A STARR procedure is a stapled trans-anal resection of the rectum, which is performed in patients with symptoms of obstructed defecation syndrome associated with internal rectal prolapse or rectocele. The procedure is performed under general anaesthetic using a custom-designed circular stapling device. Patients may be considered for this operation if they have ODS symptoms, such as straining at stool, the need to self-digitate, and a sense of incomplete evacuations.
Prior to surgery, conservative measures should be instituted and a proctogram (an x-ray looking at anatomy during evacuation) should be undertaken to confirm internal prolapse. An MDT discussion with investigation results should also be undertaken.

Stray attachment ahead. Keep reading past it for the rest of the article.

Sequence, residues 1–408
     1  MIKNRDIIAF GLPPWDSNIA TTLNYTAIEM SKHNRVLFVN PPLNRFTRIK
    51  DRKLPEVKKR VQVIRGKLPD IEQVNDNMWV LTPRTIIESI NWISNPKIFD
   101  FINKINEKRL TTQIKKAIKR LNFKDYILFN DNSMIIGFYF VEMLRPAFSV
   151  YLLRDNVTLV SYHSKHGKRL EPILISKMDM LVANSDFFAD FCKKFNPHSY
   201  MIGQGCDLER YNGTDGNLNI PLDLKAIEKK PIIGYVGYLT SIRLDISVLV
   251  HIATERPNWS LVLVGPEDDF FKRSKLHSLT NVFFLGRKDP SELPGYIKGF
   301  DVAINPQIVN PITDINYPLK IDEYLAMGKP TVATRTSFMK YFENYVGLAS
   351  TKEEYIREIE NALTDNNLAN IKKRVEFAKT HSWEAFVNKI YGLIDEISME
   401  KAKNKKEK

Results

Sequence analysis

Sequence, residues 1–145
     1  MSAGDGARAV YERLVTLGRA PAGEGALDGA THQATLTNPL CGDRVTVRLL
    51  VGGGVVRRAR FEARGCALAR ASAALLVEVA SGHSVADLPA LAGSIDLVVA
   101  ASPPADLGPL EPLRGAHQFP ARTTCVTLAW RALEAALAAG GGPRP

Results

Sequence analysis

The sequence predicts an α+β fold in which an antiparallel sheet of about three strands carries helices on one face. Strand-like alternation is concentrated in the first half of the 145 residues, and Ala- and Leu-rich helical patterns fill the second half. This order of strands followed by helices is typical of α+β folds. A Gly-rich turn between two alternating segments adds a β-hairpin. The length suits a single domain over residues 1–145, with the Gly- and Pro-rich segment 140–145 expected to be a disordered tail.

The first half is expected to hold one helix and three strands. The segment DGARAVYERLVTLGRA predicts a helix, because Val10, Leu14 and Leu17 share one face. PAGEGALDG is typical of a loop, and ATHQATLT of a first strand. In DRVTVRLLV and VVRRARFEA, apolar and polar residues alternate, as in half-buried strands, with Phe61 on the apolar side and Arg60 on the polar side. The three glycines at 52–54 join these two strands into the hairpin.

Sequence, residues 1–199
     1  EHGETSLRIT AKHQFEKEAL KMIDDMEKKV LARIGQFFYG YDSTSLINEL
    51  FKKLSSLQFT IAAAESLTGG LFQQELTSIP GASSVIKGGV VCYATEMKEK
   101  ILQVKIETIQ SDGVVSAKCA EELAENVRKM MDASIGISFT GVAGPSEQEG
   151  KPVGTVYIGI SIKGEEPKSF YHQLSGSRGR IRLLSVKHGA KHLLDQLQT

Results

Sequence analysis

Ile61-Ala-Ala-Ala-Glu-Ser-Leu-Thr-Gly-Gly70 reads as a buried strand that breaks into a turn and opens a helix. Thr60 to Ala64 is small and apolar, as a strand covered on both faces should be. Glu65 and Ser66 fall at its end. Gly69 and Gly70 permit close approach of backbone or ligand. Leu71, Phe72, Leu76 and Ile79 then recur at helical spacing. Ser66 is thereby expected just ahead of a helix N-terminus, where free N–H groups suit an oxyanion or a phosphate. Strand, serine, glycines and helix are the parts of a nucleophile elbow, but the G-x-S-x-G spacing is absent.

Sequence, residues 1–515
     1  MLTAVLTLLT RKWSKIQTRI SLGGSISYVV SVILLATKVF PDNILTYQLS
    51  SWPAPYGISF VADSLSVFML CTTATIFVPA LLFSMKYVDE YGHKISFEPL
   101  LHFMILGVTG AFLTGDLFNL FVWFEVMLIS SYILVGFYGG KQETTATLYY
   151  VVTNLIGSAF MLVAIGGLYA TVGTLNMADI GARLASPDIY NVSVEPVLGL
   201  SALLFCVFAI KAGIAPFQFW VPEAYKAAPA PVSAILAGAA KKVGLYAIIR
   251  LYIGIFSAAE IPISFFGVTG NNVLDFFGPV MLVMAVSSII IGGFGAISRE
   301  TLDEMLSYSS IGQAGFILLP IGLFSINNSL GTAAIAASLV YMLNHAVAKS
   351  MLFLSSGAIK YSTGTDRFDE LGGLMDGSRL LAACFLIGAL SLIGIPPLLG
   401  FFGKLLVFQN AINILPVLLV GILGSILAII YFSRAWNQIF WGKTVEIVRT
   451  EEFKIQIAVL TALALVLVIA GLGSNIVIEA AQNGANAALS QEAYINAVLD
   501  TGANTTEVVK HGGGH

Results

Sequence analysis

According to the ruling in the 2015 case of Montgomery v Lanarkshire Health Board, in order for consent to be adequate, the doctor must take reasonable care to ensure that the patient is aware of any material risks involved in treatment, as well as any reasonable alternative to the treatment. Material risks of a STARR procedure include chronic pain, tenesmus, infection, leakage, and post-operative bleeding. Alternative treatment options include physiotherapy training on evacuatory technique and rectal irrigation. Therefore, it is imperative that before this procedure is undertaken, the patient is advised of the above risks and alternative treatments.